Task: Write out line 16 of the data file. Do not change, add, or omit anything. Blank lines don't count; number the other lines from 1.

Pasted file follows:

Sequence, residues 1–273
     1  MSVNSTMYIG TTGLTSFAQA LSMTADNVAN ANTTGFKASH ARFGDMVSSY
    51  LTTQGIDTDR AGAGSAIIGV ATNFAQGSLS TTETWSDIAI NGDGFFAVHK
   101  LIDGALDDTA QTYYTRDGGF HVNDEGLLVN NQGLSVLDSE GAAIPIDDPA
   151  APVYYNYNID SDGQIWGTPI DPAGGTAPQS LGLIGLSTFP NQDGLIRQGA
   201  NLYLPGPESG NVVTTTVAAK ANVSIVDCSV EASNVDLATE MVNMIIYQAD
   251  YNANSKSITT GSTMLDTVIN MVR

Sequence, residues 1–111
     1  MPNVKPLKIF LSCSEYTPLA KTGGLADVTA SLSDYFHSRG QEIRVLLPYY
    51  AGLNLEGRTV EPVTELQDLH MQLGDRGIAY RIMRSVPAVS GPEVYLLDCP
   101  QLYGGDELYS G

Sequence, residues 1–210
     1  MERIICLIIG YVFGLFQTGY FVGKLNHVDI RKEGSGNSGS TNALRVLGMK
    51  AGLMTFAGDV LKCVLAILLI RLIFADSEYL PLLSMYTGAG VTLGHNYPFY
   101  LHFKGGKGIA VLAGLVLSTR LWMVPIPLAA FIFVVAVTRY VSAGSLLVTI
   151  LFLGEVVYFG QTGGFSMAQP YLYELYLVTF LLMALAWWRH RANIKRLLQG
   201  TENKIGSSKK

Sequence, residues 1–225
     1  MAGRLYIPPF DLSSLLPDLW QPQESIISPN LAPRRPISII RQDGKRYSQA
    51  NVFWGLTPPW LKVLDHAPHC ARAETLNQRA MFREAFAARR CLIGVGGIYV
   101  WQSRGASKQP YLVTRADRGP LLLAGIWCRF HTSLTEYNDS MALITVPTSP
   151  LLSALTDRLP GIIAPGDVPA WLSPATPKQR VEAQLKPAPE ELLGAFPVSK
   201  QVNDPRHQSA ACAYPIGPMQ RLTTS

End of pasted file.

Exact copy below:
   151  LFLGEVVYFG QTGGFSMAQP YLYELYLVTF LLMALAWWRH RANIKRLLQG